The world stands on the brink of a food crisis worse than any seen in the last 50 years, the UN has warned as it urged governments to act swiftly to avoid disaster.
So what is the Ardern government doing about it? Shouldn’t it be working to ramp up food production? After all, NZ prides itself on being among the world’s leaders in producing high-quality food.
Instead, Climate Change Minister James Shaw is celebrating being “ ambitious” in tackling what he calls the climate crisis with, he says,
“ … necessary rule changes that will incentivise NZ’s biggest polluters to invest in the transition to a clean, climate-friendly economy”.
This includes putting a price on farming emissions. Shaw reckons it’s great that this puts NZ further ahead on climate action than many other parts of the world.
But, as Federated Farmers pointed out, there has been no analysis undertaken since the pandemic on how sweeping changes to the Emissions Trading Scheme (ETS) will impact the economy and NZ’s international competitiveness.
Surely, if the world is facing a food crisis, the government in NZ would be doing what Britain is planning, with the legalisation of gene-editing of crops?
Scientists say gene-editing offers the chance to develop and grow hardier, more nutritious varieties. The legislation would also open the door to gene-editing of animals.
And, if the government is focussed on NZ “uniting for recovery”, wouldn’t it be leading the way in creating an overarching water strategy, as Irrigation NZ has called for, to guide planning and ensure further water storage development?
Where does the agriculture sector figure in the government’s post-pandemic recovery plan? If Agriculture Minister Damien O’Connor has one, it has yet to be spelled out.
And he doesn’t seem to have much to say when NZ dairy farmers come under attack, as they did last week, when the European-based Institute for Agriculture and Trade Policy said Fonterra’s export-led strategy had led to rising emissions and an economic crisis for NZ’s dairy producers.
Emissions from NZ’s agricultural sector had risen by 12% since 1990 with the doubling of its dairy herd and a 600% increase in fertiliser use, according to Shefali Sharma, report author and European director at IATP.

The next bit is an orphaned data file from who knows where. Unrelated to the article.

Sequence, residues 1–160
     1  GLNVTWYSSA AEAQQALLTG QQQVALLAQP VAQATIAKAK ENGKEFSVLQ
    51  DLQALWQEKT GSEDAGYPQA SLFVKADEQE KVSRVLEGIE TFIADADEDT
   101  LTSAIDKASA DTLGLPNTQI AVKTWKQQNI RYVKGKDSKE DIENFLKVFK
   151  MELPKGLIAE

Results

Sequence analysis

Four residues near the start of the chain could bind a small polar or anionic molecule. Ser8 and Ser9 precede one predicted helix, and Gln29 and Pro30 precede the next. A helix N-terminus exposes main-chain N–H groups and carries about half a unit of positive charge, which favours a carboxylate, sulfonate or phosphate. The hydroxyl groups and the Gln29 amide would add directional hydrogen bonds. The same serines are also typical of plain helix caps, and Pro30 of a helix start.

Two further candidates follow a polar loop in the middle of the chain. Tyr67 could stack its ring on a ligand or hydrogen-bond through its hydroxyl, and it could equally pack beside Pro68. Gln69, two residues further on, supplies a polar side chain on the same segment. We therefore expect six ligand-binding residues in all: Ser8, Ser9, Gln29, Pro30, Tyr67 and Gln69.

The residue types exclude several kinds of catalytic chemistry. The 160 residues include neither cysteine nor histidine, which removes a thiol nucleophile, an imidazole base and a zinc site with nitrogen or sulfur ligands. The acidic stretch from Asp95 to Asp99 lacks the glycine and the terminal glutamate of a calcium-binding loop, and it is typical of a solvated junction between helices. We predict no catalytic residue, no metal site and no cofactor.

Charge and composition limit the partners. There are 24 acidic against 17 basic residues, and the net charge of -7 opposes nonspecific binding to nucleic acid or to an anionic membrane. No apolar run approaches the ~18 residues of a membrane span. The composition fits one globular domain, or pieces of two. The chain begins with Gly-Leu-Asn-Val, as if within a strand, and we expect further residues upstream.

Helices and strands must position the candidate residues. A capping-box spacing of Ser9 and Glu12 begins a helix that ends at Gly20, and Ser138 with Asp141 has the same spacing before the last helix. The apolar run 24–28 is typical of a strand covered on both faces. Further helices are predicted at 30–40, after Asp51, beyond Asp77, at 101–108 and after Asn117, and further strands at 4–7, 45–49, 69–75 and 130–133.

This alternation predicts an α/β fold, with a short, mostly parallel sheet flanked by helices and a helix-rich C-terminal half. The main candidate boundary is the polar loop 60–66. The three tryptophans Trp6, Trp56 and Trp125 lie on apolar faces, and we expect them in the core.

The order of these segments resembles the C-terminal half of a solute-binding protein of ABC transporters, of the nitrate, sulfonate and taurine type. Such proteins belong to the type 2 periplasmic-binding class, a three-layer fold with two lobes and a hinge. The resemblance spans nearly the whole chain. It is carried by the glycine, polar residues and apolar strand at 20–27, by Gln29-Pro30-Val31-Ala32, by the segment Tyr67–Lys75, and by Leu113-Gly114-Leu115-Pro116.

Greenpeace campaigner Gen Toop said the IATP report should be a wake-up call for Fonterra and the government.
It was left to Fonterra to rebut the contention. NZ dairy farmers had reduced on-farm emissions intensity by about 20% over the past 25 years, with the strongest improvements from 2007 to 2016 according to Fonterra director of global sustainability, Carolyn Mortland.
She said the IATP report contained several inaccuracies:
“For example, the Fonterra emissions are significantly over-reported at 44m tonnes of C02-equivalent rather than 22m tonnes.”
In contrast, a comprehensive and peer-reviewed report released earlier this year said the carbon footprint of NZ’s on-farm milk supply was less than one-third of the global average and up to 30% lower than the greenhouse gas footprints of European and North American milk production.
“A litre of milk produced in NZ creates 0.91 kilograms of CO2 emissions, compared to the global average of 2.5kg.”
While the IATP report argued emissions intensity improvements were “greenwashing”, Mortland said the measurements were important for allowing nutrition to be delivered with a lower emissions footprint.
As Point of Order sees it, the dairy industry should be in the forefront of the government’s post-pandemic recovery plan.
Instead it comes under constant attack from the climate change warriors who seem unable to grasp how fragile the economy has become, nor how important the industry’s foreign exchange earnings have become, in sustaining the country’s living standards.